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Aurora United Church 'ready to rebuild' after parkland break from town

Developer of 150-unit retirement home also slated for the property will still be on the hook for $166,500 fee
2021 06 14 Aurora United Church fire 2
Aurora United Church was destroyed in a fire in April 2014. Facebook photo/Epke Damstra

It has been seven years of uncertainty for Aurora United Church since a fire devastated its venerable place of worship. Now, they’re almost ready to put shovels in the ground at their spiritual home at Yonge and Tyler streets.

Sitting at the committee level last week, council waived $68,500-worth of cash-in-lieu-of-parkland fees being faced by Aurora United Church (AUC) ahead of the rebuild, a waiver that will remain in place until there is a change of use on the property.

Cash-in-lieu (CIL) is money developers are required to pay to the town for the acquisition/building of parkland needed as a result of growth.

As AUC is slated to be rebuilt in conjunction with a multi-storey 150-unit retirement home on the north end of the property, the developers of the residential portion of the development will still be on the hook for $166,500.

“Recently we were informed that we are required to pay a CIL for the sum of $235,000, of which $68,500 is the portion payable by the church,” said Brian North, chair of the AUC rebuilding committee, in a letter to municipal staff. “It is my understanding from past discussions that when a new, not replacement place of worship was built on Leslie Street that this cost was waived for them.

“It is unfortunate the position we find ourselves in, but it is my belief that our rebuilding will have no change in affecting the parklands within our town, we are the same congregation requiring new bricks and mortar.”

Staff agreed with North’s position and put forward the appropriate recommendation to council, citing the CIL waiver for Northridge Community Church, which was constructed by the Salvation Army on Leslie Street, just north of Wellington Street East.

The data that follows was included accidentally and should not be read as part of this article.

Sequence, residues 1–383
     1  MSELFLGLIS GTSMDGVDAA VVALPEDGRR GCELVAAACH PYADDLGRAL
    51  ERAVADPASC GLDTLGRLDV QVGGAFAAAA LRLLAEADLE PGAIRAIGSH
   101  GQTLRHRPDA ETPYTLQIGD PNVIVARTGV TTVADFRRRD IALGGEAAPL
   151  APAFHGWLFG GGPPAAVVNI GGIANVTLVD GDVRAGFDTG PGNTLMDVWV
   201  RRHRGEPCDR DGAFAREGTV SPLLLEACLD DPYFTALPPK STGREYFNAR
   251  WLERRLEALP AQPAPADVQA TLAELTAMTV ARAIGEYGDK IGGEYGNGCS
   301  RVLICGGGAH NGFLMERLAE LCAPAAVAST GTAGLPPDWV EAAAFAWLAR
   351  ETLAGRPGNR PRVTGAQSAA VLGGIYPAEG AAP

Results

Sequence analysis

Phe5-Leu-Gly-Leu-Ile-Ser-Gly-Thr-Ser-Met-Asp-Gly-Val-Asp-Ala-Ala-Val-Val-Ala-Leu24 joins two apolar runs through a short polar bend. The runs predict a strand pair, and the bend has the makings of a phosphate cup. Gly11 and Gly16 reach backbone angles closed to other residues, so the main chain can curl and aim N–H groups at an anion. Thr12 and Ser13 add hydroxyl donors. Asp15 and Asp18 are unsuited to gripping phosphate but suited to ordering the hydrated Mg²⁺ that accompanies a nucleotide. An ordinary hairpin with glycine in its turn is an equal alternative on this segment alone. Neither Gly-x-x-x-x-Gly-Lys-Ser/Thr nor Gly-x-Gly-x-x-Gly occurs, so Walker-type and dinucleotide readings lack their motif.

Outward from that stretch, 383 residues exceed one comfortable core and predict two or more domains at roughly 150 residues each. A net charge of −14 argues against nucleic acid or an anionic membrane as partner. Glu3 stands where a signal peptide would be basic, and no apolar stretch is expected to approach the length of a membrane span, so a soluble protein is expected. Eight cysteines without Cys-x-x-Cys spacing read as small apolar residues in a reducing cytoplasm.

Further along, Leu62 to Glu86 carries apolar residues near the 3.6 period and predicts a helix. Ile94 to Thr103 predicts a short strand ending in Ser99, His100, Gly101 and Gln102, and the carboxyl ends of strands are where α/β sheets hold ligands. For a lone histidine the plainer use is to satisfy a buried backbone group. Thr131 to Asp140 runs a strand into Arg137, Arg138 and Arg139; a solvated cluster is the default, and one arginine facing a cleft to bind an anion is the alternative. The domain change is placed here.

“I am comfortable doing it for the church,” said Councillor Michael Thompson. “It is clear the only part we’re deferring is the portion that would be associated with the church. The development is intertwined to a certain degree, but this is strictly just for the church and not for the retirement residence.”

Councillor Harold Kim said he too was in favour of deferring the AUC’s portion of the CIL bill.

“The church existed before and they are just rebuilding what was already there,” he said. “Certainly it would be a just reason to defer the CIL. It is a place of worship and a congregation for many decades [providing] great service for the Town.”

Mayor Tom Mrakas agreed.

“We have done it with the Salvation Army [and] I have no problem doing it here,” he noted. “Taxpayers will collect that money when the use changes. This is a way we can continue to make sure that… a historic building in our town gets rebuilt and comes back to the downtown core.”

The former home of the Aurora United Church was demolished in 2014 after being gutted by a fire just prior to that year’s Easter observances.

Since then, the AUC has shared space with Trinity Anglican Church at Church and Victoria Streets.

Extensive archeological work has taken place on the site in the intervening years, including the excavation of more than 100 early settler graves, remains that are set to be reinterred together at Aurora Cemetery in due course.

Brock Weir is a federally funded Local Journalism Initiative reporter at The Auroran